Let us test ourselves by the following questions:

1. — Do I always stick to my own opinions and insist on having my own way?

2. — Can I admit being in the wrong, or that I have made a mistake?

3. — Can I give in gracefully to the will of the majority?1

The answers to such questions as these, will soon prove whether we can say “NO” to self or if we are self-willed.

Mortification is necessary for all.  The wounds of nature demand an effort to strengthen the will against its propensity to evil; the more we indulge our natural desires, the stronger and more insistent they become in demanding satisfaction, the more difficult to resist their appeal.

However, it is not necessary to undertake special hardships or penances beyond those imposed under obligation by the Church.  Life itself provides a variety of opportunities for mortification that we cannot escape.  The pity of it, is that we endure without much or any spiritual profit much that might be mortification, because of the wrong attitude we adopt toward these various vexations.  We can make a virtue of necessity by accepting in a spirit of patience and humility the daily trials forced upon us.

[Some examples:]   Take any ordinary day in life:

— Probably we must get up earlier than we would wish, we should like to stay in bed much longer.  It is not easy to rise promptly; it demands self-denial.  How do we react?  Do we come down peevish and disagreeable, upsetting others by our grumbling and irritation?  If this is out reaction, then we have lost the chance of mortifying ourselves, instead of turning the necessity to spiritual profit by accepting it with patience.

— We have to go to work, oftentimes hard and disagreeable, to work with others who get on our nerves, to take orders given in an abrupt manner, and endure many other similar vexations that can be very irritating.  What is our attitude to such things?  They can all become occasions of mortification if accepted in a proper spirit.  Obedience to others, which is the submission of our own will to that of another, can be a very real and difficult penance.  Too often we can become impatient and disgruntled, resent the orders given to us: and miss the chance of being spiritually mortified under adversity.

Life is full of such opportunities: we make silly mistakes, are humiliated by others, meet with disappointments, hear slurs east or disparaging remarks made about us; accidents make us ludicrous and cause laughter and ridicule at our expense.  These things are certainly humiliating to our pride and self-conceit? but do we turn them to spiritual worth by a humble and contrite spirit in accepting them as mortifications?  If they simply cause us to become disagreeable and complain, there is no penance; they are lost to us entirely when they might have been real crosses born for the love of God, real penances accepted in a spirit of self-denial, some atonement for the sins we have committed.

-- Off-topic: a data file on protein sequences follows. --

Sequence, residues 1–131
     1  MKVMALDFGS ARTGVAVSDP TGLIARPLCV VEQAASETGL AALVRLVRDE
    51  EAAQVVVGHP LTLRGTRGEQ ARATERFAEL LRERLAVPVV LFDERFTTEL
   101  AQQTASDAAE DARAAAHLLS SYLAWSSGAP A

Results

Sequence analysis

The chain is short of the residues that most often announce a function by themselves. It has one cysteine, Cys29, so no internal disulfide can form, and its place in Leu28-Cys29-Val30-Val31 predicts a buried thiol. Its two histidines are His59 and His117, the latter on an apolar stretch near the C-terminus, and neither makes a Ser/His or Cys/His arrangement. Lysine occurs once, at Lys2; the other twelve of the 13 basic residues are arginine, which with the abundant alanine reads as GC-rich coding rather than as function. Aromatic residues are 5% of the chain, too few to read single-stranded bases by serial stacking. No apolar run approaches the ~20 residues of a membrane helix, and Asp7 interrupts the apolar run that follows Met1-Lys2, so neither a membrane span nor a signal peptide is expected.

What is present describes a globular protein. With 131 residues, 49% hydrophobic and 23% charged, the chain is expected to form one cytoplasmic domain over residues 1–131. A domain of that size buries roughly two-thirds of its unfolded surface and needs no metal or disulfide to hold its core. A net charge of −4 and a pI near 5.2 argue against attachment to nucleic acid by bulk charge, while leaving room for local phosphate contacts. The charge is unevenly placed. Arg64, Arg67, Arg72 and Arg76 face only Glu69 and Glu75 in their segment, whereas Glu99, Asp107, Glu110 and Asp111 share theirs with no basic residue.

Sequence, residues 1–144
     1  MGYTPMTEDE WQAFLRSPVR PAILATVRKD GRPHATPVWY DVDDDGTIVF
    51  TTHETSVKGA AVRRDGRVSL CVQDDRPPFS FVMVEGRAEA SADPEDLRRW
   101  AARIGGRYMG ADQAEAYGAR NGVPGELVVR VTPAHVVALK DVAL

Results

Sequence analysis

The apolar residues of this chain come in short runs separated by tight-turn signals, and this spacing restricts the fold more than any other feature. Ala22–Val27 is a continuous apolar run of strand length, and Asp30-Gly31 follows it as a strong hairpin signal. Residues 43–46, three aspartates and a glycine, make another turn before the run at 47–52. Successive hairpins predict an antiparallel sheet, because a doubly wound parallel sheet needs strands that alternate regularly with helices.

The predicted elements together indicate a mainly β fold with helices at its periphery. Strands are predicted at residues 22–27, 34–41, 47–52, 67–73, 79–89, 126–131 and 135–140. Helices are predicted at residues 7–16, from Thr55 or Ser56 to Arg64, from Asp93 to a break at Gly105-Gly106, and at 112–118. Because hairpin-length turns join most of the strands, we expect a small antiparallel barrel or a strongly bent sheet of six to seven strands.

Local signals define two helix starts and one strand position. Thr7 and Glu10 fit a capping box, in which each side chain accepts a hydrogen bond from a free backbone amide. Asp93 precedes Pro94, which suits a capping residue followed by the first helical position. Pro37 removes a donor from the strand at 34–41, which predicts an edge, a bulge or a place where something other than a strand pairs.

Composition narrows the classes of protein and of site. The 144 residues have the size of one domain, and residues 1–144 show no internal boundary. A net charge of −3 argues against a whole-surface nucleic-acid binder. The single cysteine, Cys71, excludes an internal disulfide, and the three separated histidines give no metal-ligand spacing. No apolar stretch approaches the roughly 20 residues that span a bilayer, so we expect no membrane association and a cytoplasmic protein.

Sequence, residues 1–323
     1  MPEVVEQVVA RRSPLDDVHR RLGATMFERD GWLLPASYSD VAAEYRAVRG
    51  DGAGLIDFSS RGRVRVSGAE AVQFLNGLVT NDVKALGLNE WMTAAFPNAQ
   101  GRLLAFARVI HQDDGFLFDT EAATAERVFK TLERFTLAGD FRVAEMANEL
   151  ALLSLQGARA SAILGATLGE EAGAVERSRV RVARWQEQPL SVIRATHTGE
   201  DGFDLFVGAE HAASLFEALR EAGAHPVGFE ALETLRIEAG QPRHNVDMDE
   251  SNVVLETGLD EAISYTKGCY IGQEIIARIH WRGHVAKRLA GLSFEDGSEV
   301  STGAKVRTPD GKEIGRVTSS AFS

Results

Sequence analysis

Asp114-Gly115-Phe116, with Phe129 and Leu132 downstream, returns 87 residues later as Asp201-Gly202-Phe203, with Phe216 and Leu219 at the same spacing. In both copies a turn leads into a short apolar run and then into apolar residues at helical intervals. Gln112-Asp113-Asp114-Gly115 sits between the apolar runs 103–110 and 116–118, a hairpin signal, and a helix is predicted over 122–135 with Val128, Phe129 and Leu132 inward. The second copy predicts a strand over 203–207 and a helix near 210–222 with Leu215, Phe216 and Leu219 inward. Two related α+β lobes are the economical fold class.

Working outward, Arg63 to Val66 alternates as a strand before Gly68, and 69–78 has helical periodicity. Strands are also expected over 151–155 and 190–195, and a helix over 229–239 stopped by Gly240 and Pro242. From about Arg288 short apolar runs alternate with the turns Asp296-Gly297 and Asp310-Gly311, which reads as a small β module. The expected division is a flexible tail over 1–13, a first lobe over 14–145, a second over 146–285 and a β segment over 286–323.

We are told [by Holy Mother the Church] to perform the three good works: Prayer, Fasting, and Alms-deeds.  These can all form some kind of mortification for us:

By fasting we mean here self-denial in any form, the giving up of one’s desires and inclinations.  We are forced to this at times by circumstances, yet profit little because we accept grudgingly, with resentment and complaints about the hardness of our lot.

Prayer might find a larger place in our lives and provide penance at the same time.  For instance, we might give up an evening’s pleasure so that we may go to Benediction.  How many give up the Sunday evening to selfish comfort rather than go out to the evening service?  It may be cold and wet; it is so much pleasanter to sit reading by the fireside, or playing cards with friends.  The weather is so often an excuse to avoid going to church, but it would not prevent us from going out to the cinema or to a dance.  It is difficult to give up pleasure and comfort to go to church, hard to mortify our desires and say “NO” to self!  To give up our comforts can be a real mortification.

Alms-giving does not necessarily mean giving money away.  The best alms is to give happiness to others – any kind of action done for the love of God and our neighbor, any small service especially if it means self-denial, is acceptable to God as a mortification.  Our Lord went about doing good, never sparing Himself.  We, on the contrary, find doing good to others to be too much trouble and to cause too much inconvenience to ourselves.  We could make a point of doing at least one kind act a day to help another, as a mortification.  We could do much more to ease the burdens of others, to bring happiness or solace, and if this entails denying self and putting ourselves to some inconvenience so much the better, it will mortify us all the more.